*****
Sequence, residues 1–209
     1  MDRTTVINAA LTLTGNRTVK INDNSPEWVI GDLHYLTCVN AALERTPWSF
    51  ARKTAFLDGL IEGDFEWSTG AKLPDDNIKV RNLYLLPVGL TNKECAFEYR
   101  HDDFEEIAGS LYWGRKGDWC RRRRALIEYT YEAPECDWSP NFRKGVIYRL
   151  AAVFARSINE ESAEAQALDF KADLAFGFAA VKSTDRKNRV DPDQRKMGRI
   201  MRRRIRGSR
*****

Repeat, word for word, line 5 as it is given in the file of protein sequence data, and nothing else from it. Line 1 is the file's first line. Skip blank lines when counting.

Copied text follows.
   151  AAVFARSINE ESAEAQALDF KADLAFGFAA VKSTDRKNRV DPDQRKMGRI